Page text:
Care and maintenance
It would seem that the almost hairless cat does not require any grooming. However, after some time of reflection, it can be easily concluded that the Sphynx is an animal in need of regular care. One of its forms are baths every 1-2 weeks; because a cat’s fur is very short, the oily substance secreted by the skin glands is not absorbed by the hair. For this reason, an oily layer forms on the surface of the skin, which must be removed regularly.
You should also protect the delicate skin of the Sphynx from being in the sun for too long. If this happens, it will suffer from burns and other skin lesions also known to humans. It is even recommended that cats of this breed should not be left outside the house without human care, especially on very sunny and frosty days. The Sphynx is not able to warm up on its own, so it is worth investing in cat clothes that help maintain body temperature at an appropriate level.
Allergic or not?
Although the Sphynx has very short and fine fur, it is not hypoallergenic. It is not the length of the coat that is responsible for allergic reactions, but a protein called Fel d1, found in cat’s saliva and sebaceous glands. Therefore, it is difficult to state categorically whether the Sphynx is suitable for allergy sufferers or it can become a nuisance for them. There are reports of both good and bad effects on people who are allergic.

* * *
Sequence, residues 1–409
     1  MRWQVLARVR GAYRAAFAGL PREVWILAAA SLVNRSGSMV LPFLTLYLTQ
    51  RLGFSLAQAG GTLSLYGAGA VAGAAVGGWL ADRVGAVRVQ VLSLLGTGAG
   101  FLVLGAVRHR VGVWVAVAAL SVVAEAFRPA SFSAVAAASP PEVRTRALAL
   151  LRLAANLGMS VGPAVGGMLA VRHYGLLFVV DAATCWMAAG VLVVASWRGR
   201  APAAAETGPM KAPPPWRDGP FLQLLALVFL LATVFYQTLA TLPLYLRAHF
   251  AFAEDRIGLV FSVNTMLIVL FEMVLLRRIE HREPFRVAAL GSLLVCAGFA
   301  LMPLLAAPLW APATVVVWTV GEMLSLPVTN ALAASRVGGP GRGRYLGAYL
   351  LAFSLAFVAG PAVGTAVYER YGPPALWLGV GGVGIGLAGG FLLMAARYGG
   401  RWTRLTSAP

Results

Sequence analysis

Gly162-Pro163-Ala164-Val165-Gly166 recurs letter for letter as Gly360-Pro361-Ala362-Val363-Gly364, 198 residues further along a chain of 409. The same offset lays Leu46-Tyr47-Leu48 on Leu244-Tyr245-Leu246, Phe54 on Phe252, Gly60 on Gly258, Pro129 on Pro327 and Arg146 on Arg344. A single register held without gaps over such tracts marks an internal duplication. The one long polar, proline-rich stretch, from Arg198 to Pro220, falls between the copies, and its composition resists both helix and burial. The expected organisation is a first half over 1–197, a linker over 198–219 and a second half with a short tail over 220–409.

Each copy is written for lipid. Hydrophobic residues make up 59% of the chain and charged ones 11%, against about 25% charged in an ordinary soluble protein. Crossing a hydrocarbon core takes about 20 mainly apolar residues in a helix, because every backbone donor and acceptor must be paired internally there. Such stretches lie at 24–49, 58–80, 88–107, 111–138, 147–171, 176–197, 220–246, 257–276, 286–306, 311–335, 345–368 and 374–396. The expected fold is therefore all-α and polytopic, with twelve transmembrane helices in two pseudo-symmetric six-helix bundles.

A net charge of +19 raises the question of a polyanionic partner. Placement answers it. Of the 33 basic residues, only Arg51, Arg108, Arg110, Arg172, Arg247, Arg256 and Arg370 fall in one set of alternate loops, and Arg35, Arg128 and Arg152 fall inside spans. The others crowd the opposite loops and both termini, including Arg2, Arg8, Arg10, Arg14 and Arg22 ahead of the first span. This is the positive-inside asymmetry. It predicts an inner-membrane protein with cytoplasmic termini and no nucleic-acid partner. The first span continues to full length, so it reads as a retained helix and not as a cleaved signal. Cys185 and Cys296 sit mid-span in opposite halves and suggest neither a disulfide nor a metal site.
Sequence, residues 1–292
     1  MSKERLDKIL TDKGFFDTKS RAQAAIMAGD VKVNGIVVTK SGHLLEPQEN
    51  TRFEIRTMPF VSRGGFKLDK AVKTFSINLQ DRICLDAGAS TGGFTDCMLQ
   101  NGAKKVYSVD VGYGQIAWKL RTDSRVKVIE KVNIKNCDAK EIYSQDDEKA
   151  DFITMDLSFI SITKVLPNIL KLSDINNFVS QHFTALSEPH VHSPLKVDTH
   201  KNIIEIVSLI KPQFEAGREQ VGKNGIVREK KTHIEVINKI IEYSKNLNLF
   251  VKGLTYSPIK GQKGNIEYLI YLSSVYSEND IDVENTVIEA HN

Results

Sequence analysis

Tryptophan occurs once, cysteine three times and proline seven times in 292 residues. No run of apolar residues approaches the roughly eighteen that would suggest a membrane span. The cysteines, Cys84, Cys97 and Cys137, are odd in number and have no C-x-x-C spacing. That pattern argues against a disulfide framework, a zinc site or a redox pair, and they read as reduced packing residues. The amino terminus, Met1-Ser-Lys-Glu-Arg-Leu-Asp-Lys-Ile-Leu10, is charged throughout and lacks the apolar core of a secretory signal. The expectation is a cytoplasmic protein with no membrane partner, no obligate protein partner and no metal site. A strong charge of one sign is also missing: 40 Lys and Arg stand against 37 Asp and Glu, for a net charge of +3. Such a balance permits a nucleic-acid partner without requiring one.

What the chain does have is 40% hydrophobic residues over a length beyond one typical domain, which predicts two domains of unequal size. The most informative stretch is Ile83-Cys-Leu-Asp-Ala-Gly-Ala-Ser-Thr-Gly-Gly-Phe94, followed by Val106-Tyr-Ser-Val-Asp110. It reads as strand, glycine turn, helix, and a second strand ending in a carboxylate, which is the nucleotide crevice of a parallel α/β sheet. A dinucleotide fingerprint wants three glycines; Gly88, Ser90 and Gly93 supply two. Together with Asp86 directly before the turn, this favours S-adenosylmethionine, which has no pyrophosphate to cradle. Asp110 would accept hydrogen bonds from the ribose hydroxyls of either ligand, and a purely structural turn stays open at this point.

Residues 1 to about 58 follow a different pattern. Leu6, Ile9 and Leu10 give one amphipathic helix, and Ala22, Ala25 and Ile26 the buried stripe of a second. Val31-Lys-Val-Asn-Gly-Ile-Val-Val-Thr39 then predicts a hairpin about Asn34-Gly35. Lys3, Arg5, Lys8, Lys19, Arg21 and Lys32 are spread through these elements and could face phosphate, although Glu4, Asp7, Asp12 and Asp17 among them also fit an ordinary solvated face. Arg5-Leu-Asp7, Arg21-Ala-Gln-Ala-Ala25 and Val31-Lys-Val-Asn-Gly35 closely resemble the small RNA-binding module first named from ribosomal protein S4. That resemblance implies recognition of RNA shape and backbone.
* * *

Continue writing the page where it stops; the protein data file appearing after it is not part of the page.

In cats of this breed, more earwax accumulates than in cats with more hair. It is influenced by sparse hair in the ears, which in other breeds protects effectively against pollution by creating a natural barrier. For this reason, Sphynxes require frequent cleaning of the inside of the ears, usually once a week, after bathing.
Detailed data / dimensions (size)
- Height: about 30 cm (8 in)
- Weight: 3-7 kg (6.6 – 15 lb)
- females: on average: 3-4 kg (6.6 – 8.8 lb)
- males: on average: 4-5 kg (8.8 – 11 lb)
- Lifespan: 8-14 years
Sphynx cat – interesting facts
- The character of the Sphynx appeared in the comedies “Austin Powers: International Man of Mystery” (1997) and ” Austin Powers: The Spy Who Shagged Me” (1999). In these films, it was named Mr. Bigglesworth, and was owned by Doctor Evil.
- Apart from the Sphynx, other hairless breeds were created, differing in shape and disposition, such as the Donskoy cat (Don Sphynx) and the Russian Peterbald cat. All the breeds mentioned were created spontaneously as a result of a random mutation.
- Lack of hair can cause health problems in kittens in the first weeks of life. These include respiratory infections. As a result, professional breeders do not give new owners kittens less than 12 weeks old. After this time, the animal becomes more independent and mature enough to cope with the new environment. Virtually naked skin is also exposed to cancer caused by too long exposure to the sun’s rays.